In the kitchen and living room of my apartment the lighting is pretty mixed and every time I shoot anything in this area with my Sony or even Fujifilm, it always comes out looking like crap, but the Canon somehow makes it look good and the colors look natural. And this isn’t just in my living room, it’s everywhere. Shooting sunsets, shooting at the malls, in Antelope Canyon, AWB always seems more accurate and natural with Canon. I’ve always noticed this about Canon, Nikon, or even GoPro for that matter and I think it’s an extremely important characteristic of Canon that often goes overlooked.
Canon 6D II | Technical Overview
All around the sensor in the Canon 6D II performs well across the board, it has nice highlight recovery capabilities almost on par with the Sony A7rII. It also has decent ISO performance. Where it’s lacking is with dynamic range, but it’s still totally fine for real-world use.
Is Dynamic Range That Important?
For any normal person who knows how to correctly expose their images, the dynamic range is more than acceptable and a moot point if you shoot JPEG since JPG images do not preserve the same level of image data found in RAW files.
I’ll do a whole rant on this in another article, but basically having 14 stops of dynamic range isn’t a game-changer, nor is it even useful. It’s like having a car with 600hp, it’s fun to lift the hood and look at the engine while it idles. That’s about it and that’s basically what’s happening in the camera world today.
Here is an example of what recovering a shot that was 4-stops underexposed looks like compared to the Sony A7rII, which has some of the best dynamic range out there.
Here is what 4-stops underexposed looks like
As you can see, the Canon 6D II is more than capable of recovering some pretty dark shadows. But yes, it’s not as good as the Sony A7r II, but that camera has 99 other problems and the Canon 6D II is still a vastly superior camera. Vastly!
I shoot a lot with APS-C cameras where ISO performance usually is not quite as good as with full-frame cameras. Compared to my X-T2 or X-Pro2, the high ISO performance in the Canon 6D II feels only a little better where my limit of usability is really at 12800 ISO, which I’ve always thought was reasonable.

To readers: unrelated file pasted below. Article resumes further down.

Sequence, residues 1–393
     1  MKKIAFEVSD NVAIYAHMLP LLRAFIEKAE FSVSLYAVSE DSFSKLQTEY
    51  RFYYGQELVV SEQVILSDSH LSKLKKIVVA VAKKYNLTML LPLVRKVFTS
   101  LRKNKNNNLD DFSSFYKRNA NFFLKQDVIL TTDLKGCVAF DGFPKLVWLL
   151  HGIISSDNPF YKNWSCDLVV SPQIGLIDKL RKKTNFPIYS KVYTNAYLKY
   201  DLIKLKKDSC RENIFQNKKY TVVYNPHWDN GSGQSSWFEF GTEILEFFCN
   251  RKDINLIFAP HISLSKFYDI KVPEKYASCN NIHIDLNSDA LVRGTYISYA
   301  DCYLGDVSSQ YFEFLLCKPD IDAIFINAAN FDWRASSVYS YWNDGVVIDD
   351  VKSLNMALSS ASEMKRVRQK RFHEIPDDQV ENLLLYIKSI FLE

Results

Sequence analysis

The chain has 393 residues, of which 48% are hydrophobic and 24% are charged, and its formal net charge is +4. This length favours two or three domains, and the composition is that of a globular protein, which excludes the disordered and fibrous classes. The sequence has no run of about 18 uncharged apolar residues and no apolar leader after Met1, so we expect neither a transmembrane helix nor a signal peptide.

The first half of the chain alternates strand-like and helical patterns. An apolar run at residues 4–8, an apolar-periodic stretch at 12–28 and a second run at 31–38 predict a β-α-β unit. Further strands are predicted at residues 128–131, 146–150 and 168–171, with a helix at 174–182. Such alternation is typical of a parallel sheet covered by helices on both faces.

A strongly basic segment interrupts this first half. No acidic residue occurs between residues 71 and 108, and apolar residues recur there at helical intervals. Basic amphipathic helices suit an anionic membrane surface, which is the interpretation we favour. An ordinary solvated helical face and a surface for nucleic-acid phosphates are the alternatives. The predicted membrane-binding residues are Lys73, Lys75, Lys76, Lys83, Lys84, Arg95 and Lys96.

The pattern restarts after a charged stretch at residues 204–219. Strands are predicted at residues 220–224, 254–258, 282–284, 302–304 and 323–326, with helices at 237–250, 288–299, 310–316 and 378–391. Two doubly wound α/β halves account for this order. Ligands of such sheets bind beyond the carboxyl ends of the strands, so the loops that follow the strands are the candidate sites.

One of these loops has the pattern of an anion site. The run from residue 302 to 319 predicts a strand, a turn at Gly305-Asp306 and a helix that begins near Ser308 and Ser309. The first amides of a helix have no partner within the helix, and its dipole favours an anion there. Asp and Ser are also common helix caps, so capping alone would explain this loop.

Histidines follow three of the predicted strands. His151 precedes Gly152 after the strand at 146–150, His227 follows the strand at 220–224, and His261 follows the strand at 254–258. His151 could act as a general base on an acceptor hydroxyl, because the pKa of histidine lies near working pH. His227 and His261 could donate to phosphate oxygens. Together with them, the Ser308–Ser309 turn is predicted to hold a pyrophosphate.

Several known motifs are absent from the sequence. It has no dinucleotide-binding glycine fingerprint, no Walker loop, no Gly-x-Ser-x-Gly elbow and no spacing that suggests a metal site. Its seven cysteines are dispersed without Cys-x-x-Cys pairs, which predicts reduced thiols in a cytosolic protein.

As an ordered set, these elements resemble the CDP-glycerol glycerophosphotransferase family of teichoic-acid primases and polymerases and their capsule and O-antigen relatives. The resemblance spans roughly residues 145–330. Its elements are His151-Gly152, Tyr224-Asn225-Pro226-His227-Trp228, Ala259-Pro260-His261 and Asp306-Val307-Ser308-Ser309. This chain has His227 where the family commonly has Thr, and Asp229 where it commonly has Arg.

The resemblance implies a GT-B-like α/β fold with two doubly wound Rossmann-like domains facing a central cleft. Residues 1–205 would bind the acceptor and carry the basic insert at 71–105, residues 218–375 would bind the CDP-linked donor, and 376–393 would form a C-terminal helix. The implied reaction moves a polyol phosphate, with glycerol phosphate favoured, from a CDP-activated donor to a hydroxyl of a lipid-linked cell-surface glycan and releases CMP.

The Sony A7r II, in comparison, has a slight edge on high ISO performance.
For all my sample photos for this review, I shot at the grand opening of the Westfield Mall here in Century City Los Angeles, and around Westwood. The time was around sunset until it got dark. I never really felt I was punished by high ISO as I would be, say on my old Canon 5DII or even my old Fujifilm XT1. All my images held up very nicely and I wasn’t even shooting on a fast lens. I was using the Canon 40mm f2.8 pancake lens, so the major problem I was having had to do with motion blur from shooting at a slower shutter, rather than poor ISO performance.
Minimum Shutter Speed Settings!
This leads me to another awesome feature that has to do with ISO and shutter settings.
The Canon 6D II allows you to set a minimum shutter speed! So if you shoot on aperture priority and your shutter and ISO are on auto, you can set the shutter to max out at a low number. I usually do 1/60 or 1/100 so you don’t get into too much trouble with motion blur or camera shake.
I think this is Canon’s first consumer camera to allow you to do this! I’m not even sure if the Canon 5D IV lets you do this. I can’t remember, but none of the rebels do it, where just about every other camera in the world lets you do this nowadays. So it was nice to see Canon finally putting this feature into their cameras since it’s so useful.
Memory Card Performance
Canon has always been a champion here. It’s capable of writing to UHS-I memory cards at 75MB/s.
While it doesn’t support UHS-II memory cards, 75MB/s is still very fast. Actually, that’s about as fast as the Panasonic GH5 performs which does support UHS-II memory cards.